- Google “Black Friday.” What kind of information do you find?
- What do you think about this American tradition?
- How does Black Friday contribute to this phenomenon?
Now consider this:
Reading 2 – “Websites: Buy nothing for holidays” By Katherine Dorsett, CNN, December 15, 2010
(CNN) — While millions may be running to the malls this holiday season, there are some people running away from the buying frenzy.
Several online movements have inspired thousands of people to attempt to spend little or no cash on holiday presents. Followers are avoiding shopping malls and opting to save their money, make their own presents or provide free services like baby-sitting or massages as gifts. “The holiday season is about sharing time with loved ones, not going into debt,” said Cat Ellis, a Facebook “Buy Nothing Christmas” follower. “It is entirely unnecessary to spend money in order to show others that you care.”
In addition to the Facebook page that Ellis and some 1,700 people follow, websites called buynothingchristmas, buynothingday and revbilly are encouraging people to stop spending a lot of cash on gifts and reduce holiday consumerism. Aiden Enns co-founded buynothingchristmas.org and said during the holidays, his site attracts up to 7,000 hits a day from people wanting to learn more about the movement. “Our website challenges people to de-commercialize Christmas and connect in simpler ways, such as spending time with friends and loved ones and giving to less-privileged people,” said Enns.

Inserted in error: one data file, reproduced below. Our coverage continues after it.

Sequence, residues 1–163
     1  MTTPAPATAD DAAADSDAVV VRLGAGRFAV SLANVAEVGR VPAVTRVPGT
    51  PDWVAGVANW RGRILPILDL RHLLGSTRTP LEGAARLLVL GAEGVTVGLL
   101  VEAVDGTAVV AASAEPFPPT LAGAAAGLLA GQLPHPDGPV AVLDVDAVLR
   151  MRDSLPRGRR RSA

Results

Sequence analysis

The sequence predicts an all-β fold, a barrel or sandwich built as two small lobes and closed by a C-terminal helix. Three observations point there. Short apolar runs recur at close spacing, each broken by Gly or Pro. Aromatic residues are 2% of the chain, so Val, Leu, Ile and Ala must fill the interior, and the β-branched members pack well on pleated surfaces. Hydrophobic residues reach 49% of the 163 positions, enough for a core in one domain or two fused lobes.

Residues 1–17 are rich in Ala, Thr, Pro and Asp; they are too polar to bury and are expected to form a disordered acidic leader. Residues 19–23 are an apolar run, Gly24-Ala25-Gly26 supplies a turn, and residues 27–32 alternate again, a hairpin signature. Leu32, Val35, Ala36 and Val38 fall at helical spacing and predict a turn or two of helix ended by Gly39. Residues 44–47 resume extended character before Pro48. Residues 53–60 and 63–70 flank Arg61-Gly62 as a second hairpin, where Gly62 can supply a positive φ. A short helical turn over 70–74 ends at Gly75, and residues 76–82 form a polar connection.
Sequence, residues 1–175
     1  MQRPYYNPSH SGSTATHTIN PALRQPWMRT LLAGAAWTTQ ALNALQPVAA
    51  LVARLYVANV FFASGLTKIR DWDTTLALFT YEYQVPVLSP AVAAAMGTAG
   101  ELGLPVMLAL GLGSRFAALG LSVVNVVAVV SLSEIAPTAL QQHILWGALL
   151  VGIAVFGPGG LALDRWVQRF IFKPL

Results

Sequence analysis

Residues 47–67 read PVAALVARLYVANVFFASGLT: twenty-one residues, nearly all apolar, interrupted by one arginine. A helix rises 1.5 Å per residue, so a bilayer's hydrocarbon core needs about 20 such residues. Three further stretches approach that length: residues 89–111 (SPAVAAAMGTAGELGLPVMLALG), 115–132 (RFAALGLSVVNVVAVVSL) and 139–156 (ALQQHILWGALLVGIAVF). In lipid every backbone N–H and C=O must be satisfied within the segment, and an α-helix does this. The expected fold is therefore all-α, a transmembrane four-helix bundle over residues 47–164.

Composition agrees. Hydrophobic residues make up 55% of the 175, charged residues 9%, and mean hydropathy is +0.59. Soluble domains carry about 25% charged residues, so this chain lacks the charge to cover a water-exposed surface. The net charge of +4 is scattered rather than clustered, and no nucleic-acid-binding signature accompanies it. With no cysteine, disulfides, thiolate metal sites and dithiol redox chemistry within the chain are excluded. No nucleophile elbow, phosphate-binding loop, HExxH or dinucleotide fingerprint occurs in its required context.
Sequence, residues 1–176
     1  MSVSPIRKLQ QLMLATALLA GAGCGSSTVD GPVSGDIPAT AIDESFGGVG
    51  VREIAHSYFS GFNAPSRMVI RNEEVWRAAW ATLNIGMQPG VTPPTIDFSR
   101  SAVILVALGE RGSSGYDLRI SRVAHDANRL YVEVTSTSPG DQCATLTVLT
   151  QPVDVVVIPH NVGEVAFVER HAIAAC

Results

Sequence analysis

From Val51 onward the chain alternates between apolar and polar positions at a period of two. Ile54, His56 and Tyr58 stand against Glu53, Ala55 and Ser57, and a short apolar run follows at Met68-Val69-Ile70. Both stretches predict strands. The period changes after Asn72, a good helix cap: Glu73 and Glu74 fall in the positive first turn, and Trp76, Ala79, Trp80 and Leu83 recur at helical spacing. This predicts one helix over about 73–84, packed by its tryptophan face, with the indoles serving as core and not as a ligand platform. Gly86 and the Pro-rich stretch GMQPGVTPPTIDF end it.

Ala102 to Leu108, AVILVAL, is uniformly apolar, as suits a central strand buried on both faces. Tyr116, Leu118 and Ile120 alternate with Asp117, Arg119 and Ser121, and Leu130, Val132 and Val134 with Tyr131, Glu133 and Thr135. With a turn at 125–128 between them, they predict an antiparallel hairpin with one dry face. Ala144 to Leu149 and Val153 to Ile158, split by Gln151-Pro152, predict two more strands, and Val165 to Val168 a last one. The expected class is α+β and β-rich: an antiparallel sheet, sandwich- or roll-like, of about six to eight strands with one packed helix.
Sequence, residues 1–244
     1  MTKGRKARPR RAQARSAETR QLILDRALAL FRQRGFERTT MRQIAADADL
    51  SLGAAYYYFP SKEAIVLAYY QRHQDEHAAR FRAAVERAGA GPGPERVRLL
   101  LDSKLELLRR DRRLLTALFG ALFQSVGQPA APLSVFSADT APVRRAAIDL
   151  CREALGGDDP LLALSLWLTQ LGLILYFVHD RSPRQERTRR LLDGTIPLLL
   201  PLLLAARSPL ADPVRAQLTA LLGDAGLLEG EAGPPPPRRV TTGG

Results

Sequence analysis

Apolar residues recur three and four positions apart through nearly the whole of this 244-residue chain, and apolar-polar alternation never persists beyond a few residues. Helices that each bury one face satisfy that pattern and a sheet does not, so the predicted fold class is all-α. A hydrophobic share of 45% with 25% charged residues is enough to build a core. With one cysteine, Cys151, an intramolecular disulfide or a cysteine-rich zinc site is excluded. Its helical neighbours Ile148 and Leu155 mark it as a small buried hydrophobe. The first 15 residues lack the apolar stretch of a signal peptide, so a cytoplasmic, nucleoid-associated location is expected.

Kyle Denholm of Petoskey, Michigan, is among those who asked his family to attend a holiday event together instead of exchanging gifts last year. “It felt wonderful to create some special memories with people we love and we plan to do it again this year,” said Denholm.
It’s not just anti-consumerism fueling the cause. “Christmas is an environmentalist’s worst nightmare — tons of extra landfill, megawatts of flashing lights and congested shopping mall parking lots,” said Liz Wylie, an anti-consumer subscriber. While followers of the movement find various ways to support the cause, Scott Krugman, a spokesperson with the National Retail Federation, has a different take. Krugman said he respects a person’s right to celebrate the holidays as he or she chooses and does not want to make it a “we” versus “them” issue. “However, the retail sector helps generate one in five U.S. jobs and it is important to remember how critical this industry is to our weakened economy and to help support it,” Krugman said. “Some 95% of retailers are small, independent businesses.”
“Some 500,000 retail positions will be created this holiday season in the U.S. and these jobs play a huge role in fueling our economy.” But for some people, like Ellis, supporting the U.S. retail sector is not an easy option. Her family was forced to change spending habits a couple of years ago. “After my husband lost his job in January of 2008 he was unemployed for almost two years before he found part-time work,” said Ellis. “I had my own business, which became our primary income. Unemployment benefits didn’t cover much — we didn’t have a choice but to be hyper-responsible with money.” The anti-consumerism philosophy has kept the Ellises afloat financially. Ellis said they don’t have to worry about credit card bills and she does not argue with her husband about money. “I know some people are willing to run up the charge cards and spend tons of cash on the latest toys and games for children,” Ellis said. “I can get ‘new-to-my-kids’ toys and give an even more important gift — a family that is financially stable even in a failing economy.”